Little Wild Horse Canyon and Bell Canyon are two of the most stunning and easily accessible slot canyons. The trailhead to both is located a few miles west of Goblin Valley State Park, which is north of Hanksville, Utah. Continue reading “Little Wild Horse Canyon/Bell Canyon”
Confession: Goblin Valley is my absolute favorite state park so if you could do me a solid and stay away, I’d sure appreciate it. Already hard enough to get a campsite there, I don’t want even more crowds. This out-of-the-way park makes you feel like you’re eight years old and the world is just waiting to be explored at no less than a sprint. Continue reading “Goblin Valley State Park”
A tweet went the rounds this week quoting an accomplished female athlete. She was asked in an interview if there was anything she didn’t play as a child and her derisive response, “Dolls.” As my finger hovered over the retweet button, I thought, But what’s wrong with playing with dolls?
Lately in society we are presented with two type of women: the princess type with a hair never out of place who wears heels everywhere and the nerd or athlete who eschews all things feminine. Continue reading “Being Athletic and Feminine”
When people find out I ski, do triathlons, and a host of other outdoor stuff, they say, “Wow, you’re so athletic. I wish I could do that.” Here’s my deep down dark secret, I’m not athletic at all. When I hit my first steep turn mountain biking, I panicked, slammed on my brakes and tipped over. It took two months for me to get up on water skis. My triathlon swims usually end with me belching my way through the bike ride because of all the water I swallowed. The first season I skied, I was the only one in class who could tip over standing still. Here’s a little something I learned about becoming athletic. Continue reading “Becoming Athletic”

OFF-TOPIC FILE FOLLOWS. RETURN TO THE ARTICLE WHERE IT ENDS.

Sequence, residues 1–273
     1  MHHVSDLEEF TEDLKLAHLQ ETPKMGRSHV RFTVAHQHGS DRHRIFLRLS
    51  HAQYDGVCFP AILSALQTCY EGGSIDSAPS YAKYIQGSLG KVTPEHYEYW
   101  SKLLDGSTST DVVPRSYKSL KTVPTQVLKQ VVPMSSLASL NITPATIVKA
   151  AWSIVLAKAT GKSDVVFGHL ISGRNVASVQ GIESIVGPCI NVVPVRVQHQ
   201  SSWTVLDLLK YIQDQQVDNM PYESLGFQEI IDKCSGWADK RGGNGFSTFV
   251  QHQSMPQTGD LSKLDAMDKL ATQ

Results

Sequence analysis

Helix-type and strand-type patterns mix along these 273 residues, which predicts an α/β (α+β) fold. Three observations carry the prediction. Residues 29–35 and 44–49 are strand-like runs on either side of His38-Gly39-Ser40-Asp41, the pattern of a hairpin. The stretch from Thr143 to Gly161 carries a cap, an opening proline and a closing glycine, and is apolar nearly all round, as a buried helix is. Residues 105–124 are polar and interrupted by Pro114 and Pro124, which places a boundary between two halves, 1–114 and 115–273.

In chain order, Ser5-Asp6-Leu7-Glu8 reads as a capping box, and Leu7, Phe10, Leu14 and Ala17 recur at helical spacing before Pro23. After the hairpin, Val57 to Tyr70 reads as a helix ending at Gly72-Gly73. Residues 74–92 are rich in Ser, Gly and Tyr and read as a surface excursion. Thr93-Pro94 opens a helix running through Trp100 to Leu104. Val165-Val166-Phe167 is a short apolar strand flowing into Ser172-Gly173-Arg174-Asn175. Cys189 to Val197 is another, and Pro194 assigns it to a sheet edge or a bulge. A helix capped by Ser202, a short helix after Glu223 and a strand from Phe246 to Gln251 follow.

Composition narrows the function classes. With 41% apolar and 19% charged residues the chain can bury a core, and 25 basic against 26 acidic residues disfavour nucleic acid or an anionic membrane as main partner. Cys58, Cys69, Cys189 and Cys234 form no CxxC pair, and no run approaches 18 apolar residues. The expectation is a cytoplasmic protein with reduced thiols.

There are certain things that you just don’t say to someone after they cross the finish line of a difficult race. Here are a few favorites.
10. Maybe running/biking/swimming just isn’t your thing.
9. Times aren’t everything.
10. Do we have exfoliating soap? I need to scrub the race number off my arm.
9. I would buy new clothes, but I’m saving for skis (or harness, or bike, or other favorite toy).
I believed in this until one day I got a good look at myself after a hard day of skiing. Most days the only part of my face showing through is my nose—my very runny nose. Due to my height and lack of figure with the bulky clothing, I look like I’m twelve, and often get asked where I go to school. When I do strip a layer at the end of the day, my face is bright red, I have helmet hair, and I’m wearing some not so flattering stretchy pants.
Who knew fishing could be such a thrill.
Saturday, I was introduced to the new sport of bow fishing by the wonderful people at the Utah Bow Fishing Association. Their goal is to clean up Utah’s waterways by shooting carp with bows and arrows. And if it’s a blast, then so be it.
In honor of the last week of ski season, I am telling my most embarrassing ski story of the year.
Since I teach young children to ski, I had to get a tuberculosis test. Now a TB test consists of being pricked in your arm and then having it checked 48 hours later to see if there’s any reaction. The check must be done by a doctor in that timeframe or you have to get pricked again.
Day 3 of my training to be a ski instructor was supposed to be an all day, indoor affair that was offsite from the resort. All that meant to me was that I wouldn’t ski on opening day. However, they released us at 2:00 with the promise we would have our arms checked by ski patrol.